Marijuana Decriminalization: What does it mean in the United States?

Rosalie Liccardo Pacula, Jamie F. Chriqui, Joanna King

NBER Working Paper No. 9690
Issued in May 2003
NBER Program(s):   HE

It is well known in the drug policy field that eleven states reduced the criminal sanctions associated with possession of small amounts of marijuana. In this paper we review the eleven original decriminalization statutes, documenting key dimensions of these laws and identifying their common denominator. We then examine state laws in effect as of December 31, 1999, along the same key dimensions and show that it is impossible to uniquely identify the so-called decriminalized states. We show the extent to which non-decriminalized states have also reduced penalties associated with possession of small amounts of marijuana as early as 1989, calling into question the interpretation of studies evaluating this policy during the past decade. We conclude by showing that the inclusion of legal dimensions of the policy does not diminish the association identified between decriminalization and recent use, raising questions about how researchers should interpret such findings.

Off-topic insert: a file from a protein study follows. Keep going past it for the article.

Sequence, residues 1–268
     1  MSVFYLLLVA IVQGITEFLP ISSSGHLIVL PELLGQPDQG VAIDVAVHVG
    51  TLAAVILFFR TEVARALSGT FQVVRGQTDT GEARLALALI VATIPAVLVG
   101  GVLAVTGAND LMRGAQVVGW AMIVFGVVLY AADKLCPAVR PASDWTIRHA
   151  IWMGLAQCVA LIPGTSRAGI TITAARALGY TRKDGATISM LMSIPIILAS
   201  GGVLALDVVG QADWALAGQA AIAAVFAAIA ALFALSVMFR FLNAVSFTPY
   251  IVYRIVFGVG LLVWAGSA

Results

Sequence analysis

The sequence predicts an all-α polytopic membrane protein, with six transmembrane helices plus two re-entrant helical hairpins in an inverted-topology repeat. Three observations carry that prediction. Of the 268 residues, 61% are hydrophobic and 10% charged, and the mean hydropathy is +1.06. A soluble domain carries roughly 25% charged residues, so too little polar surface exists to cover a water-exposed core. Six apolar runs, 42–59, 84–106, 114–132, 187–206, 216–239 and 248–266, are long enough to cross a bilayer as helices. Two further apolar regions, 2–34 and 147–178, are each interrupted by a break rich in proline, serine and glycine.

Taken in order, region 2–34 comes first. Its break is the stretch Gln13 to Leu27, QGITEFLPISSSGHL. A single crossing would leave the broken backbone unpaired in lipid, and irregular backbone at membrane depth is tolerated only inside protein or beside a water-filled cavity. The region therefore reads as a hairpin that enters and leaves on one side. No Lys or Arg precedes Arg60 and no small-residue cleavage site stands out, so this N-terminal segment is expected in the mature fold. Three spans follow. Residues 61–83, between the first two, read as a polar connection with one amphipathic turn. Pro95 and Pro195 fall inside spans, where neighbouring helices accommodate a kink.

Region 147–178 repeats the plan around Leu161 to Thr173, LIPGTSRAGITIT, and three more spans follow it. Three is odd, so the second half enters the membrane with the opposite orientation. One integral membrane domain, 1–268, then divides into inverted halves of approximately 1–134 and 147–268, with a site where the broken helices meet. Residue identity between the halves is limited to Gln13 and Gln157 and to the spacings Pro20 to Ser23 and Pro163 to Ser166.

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Document Object Identifier (DOI): 10.3386/w9690

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